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No evidence photo shows South African soldiers helping illegal Zimbabwean migrants

A Facebook post published on 12 January 2021 claims to show soldiers from the South African National Defence Force (SANDF) assisting migrants illegally crossing a land border into South Africa. 

The post includes a photo of what appears to be two women and two armed men dressed in military fatigues. One of the women is straddling a wire fence while the two soldiers and the other woman watch. 

The photo is captioned: “South African soldiers assist illegal immigrants to jump border fence. Just waste of tax money.”

Does this photo show SANDF soldiers helping migrants cross a national border? We checked. 


Photo from 2008

A reverse image search reveals that the photo was originally taken by Welsh photojournalist Jason Tanner in 2008. 

It was published on his website with a caption explaining that the women were Zimbabwean and were fleeing state-sanctioned violence in the aftermath of the 2008 election. 

“Two ladies are caught by member of South Africa military trying to cross illegally into South Africa from Zimbabwe,” the caption begins.

It explains that as many as 100 Zimbabweans were attempting to cross the border each day and that many of them were captured, detained, and deported within 24 hours by the SANDF. 

There is no indication that the soldiers in the photo were assisting the women.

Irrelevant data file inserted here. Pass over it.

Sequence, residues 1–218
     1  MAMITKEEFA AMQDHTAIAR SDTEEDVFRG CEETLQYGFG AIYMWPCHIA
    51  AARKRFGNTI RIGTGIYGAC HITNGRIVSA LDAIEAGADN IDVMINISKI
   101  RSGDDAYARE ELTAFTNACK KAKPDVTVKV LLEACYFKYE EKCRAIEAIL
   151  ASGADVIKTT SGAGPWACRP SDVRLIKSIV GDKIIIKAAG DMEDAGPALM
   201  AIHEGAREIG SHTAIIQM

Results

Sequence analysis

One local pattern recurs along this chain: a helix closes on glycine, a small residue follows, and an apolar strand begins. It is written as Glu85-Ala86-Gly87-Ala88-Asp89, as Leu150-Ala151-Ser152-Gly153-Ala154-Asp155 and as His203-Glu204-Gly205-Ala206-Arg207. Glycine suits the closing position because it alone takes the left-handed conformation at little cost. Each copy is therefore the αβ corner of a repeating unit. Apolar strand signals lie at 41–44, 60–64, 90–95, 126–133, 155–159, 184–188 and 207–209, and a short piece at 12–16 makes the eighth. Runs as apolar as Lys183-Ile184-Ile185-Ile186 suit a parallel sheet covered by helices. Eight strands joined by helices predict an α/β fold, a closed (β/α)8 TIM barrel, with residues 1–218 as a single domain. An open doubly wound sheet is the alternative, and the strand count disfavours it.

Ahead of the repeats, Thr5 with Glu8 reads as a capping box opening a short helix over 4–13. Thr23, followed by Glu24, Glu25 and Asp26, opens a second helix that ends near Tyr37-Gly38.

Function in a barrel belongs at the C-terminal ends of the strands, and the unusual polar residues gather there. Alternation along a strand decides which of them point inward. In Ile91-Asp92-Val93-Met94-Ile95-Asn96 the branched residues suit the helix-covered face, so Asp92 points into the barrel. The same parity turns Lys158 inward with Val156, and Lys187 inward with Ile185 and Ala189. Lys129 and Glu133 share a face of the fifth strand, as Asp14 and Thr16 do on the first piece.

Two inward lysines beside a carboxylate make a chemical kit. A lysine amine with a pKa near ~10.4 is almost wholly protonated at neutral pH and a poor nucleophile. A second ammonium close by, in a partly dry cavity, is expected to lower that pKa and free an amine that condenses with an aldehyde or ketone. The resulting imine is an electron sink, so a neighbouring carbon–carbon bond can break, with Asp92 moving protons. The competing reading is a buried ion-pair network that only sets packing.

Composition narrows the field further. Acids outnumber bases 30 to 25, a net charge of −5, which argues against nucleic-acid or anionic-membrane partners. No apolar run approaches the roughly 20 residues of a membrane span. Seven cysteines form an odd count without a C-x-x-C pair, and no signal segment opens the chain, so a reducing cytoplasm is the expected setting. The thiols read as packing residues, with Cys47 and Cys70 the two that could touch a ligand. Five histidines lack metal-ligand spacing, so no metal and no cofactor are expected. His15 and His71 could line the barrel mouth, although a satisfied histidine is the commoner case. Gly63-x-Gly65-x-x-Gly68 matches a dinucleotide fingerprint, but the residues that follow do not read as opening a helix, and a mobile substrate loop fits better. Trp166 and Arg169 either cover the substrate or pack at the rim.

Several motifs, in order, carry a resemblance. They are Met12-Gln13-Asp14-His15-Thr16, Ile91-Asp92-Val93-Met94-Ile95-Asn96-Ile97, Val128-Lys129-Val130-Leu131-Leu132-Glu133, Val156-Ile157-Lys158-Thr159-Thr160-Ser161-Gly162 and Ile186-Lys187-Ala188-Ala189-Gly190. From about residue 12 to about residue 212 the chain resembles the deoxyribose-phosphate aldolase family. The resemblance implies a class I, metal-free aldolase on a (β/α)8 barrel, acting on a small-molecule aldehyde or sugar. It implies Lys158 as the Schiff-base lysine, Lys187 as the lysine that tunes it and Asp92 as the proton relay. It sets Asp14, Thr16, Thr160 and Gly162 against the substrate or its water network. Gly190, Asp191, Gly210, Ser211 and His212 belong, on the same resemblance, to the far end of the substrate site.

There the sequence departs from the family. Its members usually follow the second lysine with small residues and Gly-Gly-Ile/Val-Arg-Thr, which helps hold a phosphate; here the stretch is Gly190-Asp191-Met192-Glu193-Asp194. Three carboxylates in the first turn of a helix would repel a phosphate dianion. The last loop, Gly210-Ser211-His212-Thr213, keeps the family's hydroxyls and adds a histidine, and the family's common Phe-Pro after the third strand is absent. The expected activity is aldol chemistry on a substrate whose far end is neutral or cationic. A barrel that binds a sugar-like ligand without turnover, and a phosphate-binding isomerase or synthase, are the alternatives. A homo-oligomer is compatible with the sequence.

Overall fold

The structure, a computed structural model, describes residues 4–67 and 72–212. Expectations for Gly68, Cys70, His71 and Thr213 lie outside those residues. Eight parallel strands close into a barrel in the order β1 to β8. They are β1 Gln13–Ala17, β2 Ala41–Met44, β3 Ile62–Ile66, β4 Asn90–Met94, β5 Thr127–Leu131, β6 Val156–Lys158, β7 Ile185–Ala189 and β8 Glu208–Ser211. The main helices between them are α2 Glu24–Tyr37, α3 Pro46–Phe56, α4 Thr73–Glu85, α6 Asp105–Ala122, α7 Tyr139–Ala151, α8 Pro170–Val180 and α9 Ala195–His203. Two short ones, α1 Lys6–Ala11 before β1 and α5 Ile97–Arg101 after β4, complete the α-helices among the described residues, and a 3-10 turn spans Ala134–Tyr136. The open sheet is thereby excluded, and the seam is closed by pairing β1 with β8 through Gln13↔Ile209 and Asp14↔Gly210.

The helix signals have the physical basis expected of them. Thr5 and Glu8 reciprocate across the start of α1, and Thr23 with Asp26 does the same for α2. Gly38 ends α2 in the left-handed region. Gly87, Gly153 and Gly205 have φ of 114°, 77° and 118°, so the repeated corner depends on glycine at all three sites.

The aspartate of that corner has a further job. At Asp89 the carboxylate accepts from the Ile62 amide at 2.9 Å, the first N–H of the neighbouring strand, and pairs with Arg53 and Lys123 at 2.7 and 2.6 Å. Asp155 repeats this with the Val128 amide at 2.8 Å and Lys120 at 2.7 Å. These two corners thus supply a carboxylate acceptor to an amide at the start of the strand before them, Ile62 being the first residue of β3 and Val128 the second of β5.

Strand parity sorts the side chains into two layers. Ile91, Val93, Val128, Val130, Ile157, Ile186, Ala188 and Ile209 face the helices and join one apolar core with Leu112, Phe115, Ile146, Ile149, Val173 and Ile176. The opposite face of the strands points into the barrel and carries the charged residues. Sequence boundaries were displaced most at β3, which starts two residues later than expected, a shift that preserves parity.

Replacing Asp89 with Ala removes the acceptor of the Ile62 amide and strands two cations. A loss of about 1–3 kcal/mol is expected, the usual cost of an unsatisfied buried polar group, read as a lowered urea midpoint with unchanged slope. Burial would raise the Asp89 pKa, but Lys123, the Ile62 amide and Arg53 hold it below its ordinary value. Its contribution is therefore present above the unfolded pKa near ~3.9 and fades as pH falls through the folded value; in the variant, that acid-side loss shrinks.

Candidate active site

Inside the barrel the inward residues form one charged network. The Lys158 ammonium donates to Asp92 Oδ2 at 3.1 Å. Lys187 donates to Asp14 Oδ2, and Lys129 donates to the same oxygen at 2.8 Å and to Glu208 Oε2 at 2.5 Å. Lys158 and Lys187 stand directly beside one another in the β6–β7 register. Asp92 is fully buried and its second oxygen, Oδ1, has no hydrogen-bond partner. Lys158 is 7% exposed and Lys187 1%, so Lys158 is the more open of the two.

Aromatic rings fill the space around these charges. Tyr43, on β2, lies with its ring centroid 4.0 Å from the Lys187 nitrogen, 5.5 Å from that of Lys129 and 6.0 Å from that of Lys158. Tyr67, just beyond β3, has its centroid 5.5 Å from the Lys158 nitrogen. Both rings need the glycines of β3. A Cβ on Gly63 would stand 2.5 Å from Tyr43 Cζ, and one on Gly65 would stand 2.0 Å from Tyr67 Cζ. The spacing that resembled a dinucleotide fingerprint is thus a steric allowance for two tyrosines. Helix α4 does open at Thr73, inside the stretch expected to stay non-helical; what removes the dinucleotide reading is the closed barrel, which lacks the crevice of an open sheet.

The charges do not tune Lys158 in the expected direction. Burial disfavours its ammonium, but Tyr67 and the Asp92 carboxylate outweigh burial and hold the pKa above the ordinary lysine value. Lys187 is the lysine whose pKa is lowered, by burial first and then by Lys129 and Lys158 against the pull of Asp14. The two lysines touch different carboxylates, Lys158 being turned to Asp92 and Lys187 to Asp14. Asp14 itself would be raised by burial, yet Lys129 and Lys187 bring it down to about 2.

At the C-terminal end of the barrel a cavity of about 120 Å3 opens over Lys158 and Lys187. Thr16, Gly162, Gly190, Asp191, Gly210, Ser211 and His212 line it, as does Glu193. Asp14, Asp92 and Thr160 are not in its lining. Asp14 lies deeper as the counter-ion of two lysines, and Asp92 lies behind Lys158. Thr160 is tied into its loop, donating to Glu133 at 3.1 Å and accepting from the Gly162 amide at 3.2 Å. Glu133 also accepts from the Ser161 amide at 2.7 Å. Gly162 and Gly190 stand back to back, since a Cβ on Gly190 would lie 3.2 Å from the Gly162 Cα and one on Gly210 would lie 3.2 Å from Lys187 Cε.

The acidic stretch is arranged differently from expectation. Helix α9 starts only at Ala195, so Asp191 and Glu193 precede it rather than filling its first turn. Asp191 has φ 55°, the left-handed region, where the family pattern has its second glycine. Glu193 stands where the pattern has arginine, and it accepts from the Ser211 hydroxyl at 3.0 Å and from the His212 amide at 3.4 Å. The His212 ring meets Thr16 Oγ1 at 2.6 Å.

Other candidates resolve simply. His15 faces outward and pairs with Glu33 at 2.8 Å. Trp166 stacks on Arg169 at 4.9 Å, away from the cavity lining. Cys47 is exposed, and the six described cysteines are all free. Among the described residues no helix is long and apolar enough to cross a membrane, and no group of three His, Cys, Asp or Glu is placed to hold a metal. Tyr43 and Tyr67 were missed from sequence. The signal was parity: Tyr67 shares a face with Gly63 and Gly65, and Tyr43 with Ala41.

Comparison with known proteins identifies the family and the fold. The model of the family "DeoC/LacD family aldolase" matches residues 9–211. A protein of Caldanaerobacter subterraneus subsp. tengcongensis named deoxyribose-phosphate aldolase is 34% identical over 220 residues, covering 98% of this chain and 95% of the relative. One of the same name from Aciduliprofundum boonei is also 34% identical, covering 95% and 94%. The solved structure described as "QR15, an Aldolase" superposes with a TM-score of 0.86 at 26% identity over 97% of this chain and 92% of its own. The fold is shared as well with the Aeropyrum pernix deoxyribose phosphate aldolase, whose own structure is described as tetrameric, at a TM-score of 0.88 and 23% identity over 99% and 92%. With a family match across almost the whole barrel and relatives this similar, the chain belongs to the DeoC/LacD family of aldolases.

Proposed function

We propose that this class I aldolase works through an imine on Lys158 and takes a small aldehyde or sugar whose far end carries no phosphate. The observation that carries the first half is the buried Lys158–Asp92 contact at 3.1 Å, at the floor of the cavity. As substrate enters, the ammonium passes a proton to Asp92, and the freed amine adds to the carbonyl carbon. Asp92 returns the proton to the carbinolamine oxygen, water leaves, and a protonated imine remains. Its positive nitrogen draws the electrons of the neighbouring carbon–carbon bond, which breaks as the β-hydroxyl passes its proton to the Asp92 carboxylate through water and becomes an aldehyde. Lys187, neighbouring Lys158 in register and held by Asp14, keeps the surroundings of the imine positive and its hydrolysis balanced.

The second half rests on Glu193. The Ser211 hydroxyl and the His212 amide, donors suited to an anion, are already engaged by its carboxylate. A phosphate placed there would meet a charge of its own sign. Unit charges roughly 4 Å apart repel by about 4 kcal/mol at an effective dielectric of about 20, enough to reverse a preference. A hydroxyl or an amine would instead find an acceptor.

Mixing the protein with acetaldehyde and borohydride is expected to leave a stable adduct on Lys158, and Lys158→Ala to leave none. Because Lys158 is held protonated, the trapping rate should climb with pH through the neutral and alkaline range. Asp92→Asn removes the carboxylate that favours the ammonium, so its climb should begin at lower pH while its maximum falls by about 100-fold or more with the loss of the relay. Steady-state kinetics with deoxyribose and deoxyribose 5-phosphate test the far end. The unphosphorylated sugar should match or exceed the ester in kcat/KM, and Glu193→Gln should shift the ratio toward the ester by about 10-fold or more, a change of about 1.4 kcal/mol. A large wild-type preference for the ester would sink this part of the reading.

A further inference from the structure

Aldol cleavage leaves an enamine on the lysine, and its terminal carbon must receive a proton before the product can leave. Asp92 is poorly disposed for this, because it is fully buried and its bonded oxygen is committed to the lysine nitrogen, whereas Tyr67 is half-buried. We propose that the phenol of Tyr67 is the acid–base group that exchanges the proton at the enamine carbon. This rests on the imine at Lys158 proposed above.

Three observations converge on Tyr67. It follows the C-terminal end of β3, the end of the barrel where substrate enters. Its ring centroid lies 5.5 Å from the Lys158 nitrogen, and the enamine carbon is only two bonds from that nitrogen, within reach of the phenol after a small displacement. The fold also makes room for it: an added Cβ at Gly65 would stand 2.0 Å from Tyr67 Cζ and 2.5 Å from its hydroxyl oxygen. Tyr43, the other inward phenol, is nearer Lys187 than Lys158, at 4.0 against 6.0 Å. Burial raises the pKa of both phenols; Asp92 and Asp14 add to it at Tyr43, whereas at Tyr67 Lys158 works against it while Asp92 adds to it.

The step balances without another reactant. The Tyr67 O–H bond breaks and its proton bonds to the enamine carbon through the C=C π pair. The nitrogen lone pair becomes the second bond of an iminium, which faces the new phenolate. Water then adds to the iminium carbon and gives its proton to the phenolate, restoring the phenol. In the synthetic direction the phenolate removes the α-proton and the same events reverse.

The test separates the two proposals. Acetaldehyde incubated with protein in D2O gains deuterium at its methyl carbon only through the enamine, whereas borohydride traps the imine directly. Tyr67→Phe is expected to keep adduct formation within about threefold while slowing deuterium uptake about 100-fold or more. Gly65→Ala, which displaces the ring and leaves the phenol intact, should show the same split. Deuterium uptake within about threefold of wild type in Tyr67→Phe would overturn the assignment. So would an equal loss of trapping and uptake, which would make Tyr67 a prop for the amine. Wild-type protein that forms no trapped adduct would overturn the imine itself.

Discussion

100s of Zimbabweans arrested for attempting to smuggle groceries

In October 2020 South African news site News24 reported that some SANDF soldiers were allowing starving Zimbabweans to cross the border at Beitbridge illegally so they could buy food and medicine in South Africa. 

But local competitor eNCA reported that hundreds of Zimbabweans were arrested by SANDF soldiers while attempting to smuggle groceries back to their country. 

Poorer Zimbabweans have reportedly become more dependent on basic supplies from South Africa in the wake of one of the worst economic crises the country has faced. The crisis saw Zimbabwe’s annual inflation rate rise by 840% in July 2020.

The photo shared on social media in January 2021 was taken in the aftermath of the 2008 Zimbabwe election and many of those who entered South Africa illegally then were deported. 


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